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Sea Stars to Snails: the Return of Marine Intertidal


Thirteen students embarked on a week long adventure to multiple beaches along the Central Coast in order to learn more about intertidal organisms

Students peer down into a dark tide pool trying to get as low as possible without fully getting soaked with salty sea water, looking for sea stars and owl limpets but finding much more from beyond the sea. The Marine Intertidal Monitoring Project opportunity offered by the PRHS science department, led by Jon-Paul Ewing and Amanda Caffrey, restarted the 2022-23 school year Field Studies Collaborative courses.13 students, ranging from sophomore to senior, embodied their inner marine biologist and observed different intertidal life over the course of a week. 

Means to an End: The students and teachers gathered together for a picture for their last day in the field


As the 3:30 school bell rang, Monday to Thursday, the total of 15 participants rushed into two vans and drove to each site: Montana de Oro, Shell Beach, San Simeon, and Cayucos hoping for the lowest tide possible for research. 

I learned so much more than I thought I would on this study. Now when I go to the beach I know what I am looking at and am able to really see the different species in those areas.

Georgia Domenghini, a Junior, said.

Domenghini was one of the many juniors selected to be a part of this class and was grateful for the opportunity to learn more about intertidal life. She originally took this course to not only learn more but help her get more field experience and preparedness for science classes in college where she plans on studying medicine.


At the first site, the students were tasked with counting the number of sea stars they saw and determining what their health status was. 


Next was random data using a quadrant plot, made with 25 squares inside the larger square, and a transect in which measured where the researchers were to start and stop gathering data on various different species such as Turban Snails, Chitons, and Whelks. 

At San Simeon, the students used the same system. This time, however, they moved exactly on the line in intervals of 10 cm, starting from zero still looking for the different intertidal organisms and algae’s present.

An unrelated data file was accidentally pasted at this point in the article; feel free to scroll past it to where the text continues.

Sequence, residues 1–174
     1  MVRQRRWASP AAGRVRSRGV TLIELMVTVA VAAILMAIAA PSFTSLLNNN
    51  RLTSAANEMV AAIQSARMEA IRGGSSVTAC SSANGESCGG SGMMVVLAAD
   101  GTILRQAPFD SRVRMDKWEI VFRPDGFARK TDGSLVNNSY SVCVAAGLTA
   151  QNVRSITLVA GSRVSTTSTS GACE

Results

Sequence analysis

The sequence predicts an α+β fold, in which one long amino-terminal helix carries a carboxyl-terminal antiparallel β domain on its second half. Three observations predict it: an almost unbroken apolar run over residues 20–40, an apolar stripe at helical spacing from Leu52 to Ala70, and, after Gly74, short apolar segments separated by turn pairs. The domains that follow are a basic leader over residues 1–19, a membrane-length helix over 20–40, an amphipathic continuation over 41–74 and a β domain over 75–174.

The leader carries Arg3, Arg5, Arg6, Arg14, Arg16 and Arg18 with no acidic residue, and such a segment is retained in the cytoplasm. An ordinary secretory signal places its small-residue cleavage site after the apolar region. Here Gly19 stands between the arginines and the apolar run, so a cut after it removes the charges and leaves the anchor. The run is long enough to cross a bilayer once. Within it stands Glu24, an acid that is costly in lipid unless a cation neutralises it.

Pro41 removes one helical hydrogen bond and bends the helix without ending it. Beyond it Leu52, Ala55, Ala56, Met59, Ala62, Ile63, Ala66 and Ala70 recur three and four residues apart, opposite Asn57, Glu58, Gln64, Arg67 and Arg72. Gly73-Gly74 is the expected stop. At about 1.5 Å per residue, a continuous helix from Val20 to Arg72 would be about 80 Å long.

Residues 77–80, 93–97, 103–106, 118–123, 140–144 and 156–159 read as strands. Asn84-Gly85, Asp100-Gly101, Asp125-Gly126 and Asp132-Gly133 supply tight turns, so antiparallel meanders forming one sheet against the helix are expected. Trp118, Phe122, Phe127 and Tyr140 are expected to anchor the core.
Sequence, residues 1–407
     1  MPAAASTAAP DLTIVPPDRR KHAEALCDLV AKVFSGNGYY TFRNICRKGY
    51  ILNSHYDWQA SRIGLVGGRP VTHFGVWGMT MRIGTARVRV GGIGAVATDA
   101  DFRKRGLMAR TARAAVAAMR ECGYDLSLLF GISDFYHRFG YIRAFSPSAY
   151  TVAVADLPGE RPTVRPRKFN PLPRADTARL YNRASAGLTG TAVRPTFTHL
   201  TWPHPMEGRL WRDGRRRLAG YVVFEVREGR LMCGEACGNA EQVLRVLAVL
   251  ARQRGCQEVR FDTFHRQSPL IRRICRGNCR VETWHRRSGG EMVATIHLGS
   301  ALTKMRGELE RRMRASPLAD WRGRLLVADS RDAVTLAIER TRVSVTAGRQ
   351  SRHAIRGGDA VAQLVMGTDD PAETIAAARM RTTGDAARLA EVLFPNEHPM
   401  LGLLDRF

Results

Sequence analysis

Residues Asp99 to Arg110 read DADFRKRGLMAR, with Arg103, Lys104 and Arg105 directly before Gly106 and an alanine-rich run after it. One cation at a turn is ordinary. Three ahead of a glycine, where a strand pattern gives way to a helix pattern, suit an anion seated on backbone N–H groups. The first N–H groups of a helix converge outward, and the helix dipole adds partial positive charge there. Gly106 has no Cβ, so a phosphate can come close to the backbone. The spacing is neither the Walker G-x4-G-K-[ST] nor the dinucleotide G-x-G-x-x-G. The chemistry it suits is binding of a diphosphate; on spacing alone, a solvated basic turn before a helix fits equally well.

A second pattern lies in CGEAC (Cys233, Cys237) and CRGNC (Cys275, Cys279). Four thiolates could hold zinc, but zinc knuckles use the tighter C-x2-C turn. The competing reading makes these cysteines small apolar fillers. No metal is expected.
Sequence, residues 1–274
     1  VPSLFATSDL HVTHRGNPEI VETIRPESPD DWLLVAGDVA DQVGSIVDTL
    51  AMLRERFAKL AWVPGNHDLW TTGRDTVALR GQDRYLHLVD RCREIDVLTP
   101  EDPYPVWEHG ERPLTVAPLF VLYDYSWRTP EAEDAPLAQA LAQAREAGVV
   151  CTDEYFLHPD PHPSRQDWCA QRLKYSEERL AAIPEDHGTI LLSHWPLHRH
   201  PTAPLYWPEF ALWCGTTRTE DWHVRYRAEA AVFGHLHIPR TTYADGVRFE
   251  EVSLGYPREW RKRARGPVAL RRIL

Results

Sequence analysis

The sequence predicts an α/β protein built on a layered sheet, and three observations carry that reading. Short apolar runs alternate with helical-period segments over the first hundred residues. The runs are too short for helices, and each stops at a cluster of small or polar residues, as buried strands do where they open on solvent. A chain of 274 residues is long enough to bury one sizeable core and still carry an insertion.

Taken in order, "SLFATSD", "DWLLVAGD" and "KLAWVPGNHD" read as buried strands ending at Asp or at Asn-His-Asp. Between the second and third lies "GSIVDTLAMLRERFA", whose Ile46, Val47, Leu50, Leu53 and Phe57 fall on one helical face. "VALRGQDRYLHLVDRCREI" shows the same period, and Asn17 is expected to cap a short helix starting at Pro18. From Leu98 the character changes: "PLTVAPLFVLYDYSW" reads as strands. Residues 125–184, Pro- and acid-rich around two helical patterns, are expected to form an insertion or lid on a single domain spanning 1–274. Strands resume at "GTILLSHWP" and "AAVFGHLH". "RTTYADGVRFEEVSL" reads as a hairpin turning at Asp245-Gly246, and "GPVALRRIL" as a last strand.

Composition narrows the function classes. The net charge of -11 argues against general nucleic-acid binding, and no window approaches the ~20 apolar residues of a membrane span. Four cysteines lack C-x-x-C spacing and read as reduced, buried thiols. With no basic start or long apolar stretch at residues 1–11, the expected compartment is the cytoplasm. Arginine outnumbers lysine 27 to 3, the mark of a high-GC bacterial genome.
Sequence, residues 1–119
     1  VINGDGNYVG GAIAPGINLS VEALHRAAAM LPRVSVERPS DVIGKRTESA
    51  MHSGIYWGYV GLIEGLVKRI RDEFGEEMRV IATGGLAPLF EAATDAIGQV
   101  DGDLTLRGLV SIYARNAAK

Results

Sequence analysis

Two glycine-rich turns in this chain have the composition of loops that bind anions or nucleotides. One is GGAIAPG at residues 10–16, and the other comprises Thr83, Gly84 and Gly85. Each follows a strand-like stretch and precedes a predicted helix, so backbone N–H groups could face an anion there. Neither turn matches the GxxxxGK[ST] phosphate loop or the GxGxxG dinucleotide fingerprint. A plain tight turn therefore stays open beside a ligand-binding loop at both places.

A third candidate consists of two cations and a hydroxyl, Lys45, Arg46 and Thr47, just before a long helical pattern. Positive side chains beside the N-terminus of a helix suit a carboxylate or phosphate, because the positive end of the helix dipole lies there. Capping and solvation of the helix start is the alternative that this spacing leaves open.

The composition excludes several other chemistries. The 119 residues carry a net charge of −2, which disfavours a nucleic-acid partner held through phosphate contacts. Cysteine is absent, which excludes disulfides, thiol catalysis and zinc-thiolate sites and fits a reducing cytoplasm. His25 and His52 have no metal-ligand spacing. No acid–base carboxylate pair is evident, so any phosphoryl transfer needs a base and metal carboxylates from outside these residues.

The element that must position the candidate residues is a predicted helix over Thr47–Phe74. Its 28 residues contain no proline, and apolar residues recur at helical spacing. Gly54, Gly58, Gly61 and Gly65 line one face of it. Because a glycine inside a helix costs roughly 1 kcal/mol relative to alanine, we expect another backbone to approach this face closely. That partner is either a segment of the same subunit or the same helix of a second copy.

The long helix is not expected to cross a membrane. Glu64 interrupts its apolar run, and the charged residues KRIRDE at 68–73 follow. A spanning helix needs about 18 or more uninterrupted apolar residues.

Lastly the students ended in Cayucos counting owl limpets within a circular radius as well as counting sea stars again. Traversing clusters on Sea Mussels, the students were able to gather data to help spread awareness of these organisms, contributing to studies at both UC Santa Cruz and UC Davis. This was the first FSC course offered for the year, with at least four more options available throughout the winter, spring, and summer.

Ayala was the only underclassmen in the course this year and she has been trying to experience as much field research to help narrow down where in science she would like to continue with. Being an underclassmen did not deter her from applying, however, with herself already having been on the Santa Cruz Island research team, she wanted an opportunity to study more marine biological life.

Marine Intertidal made me feel like I was a part of something bigger than just an ordinary extracurricular

Amy Ayala, a sophomore, said.

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About the Contributor
Kayla Degnan
Kayla Degnan, Sports Co-Director

Senior Kayla Degnan is in her third year of Crimson, being Sports Co-director. She hopes to grow her knowledge in sports while also giving athletes the appreciation that they have earned. Outside of Crimson she enjoys reading, writing, watching dance moms, and learning ASL. She is varsity cheer captain this year and participates in the varsity stunt team. She cannot wait for her final year of Crimson. Go Bearcats!

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